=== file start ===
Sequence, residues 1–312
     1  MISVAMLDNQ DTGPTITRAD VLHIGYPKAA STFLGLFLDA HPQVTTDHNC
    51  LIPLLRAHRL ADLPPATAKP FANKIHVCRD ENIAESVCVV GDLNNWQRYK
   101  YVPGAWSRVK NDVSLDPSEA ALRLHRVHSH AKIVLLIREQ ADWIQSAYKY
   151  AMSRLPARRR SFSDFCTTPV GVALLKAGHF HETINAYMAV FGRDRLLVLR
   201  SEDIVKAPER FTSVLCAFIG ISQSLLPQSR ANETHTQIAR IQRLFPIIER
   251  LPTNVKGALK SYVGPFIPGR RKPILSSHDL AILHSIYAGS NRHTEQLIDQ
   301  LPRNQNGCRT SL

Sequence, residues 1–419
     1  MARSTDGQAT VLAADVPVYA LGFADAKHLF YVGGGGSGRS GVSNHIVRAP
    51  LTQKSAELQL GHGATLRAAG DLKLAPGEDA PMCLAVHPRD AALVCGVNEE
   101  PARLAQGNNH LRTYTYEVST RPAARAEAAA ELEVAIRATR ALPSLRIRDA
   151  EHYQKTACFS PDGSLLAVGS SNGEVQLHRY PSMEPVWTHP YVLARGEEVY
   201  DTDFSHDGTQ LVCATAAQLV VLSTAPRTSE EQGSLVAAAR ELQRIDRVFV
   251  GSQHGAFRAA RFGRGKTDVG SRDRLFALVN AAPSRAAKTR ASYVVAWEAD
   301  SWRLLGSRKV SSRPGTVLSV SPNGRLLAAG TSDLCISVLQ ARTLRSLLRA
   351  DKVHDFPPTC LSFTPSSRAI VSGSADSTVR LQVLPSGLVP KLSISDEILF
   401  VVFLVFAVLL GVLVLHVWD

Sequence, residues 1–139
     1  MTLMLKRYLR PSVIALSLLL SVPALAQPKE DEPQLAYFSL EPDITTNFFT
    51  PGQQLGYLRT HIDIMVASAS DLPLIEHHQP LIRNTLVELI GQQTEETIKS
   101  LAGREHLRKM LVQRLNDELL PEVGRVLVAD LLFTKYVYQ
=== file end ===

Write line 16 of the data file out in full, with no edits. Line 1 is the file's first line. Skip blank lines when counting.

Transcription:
   301  SWRLLGSRKV SSRPGTVLSV SPNGRLLAAG TSDLCISVLQ ARTLRSLLRA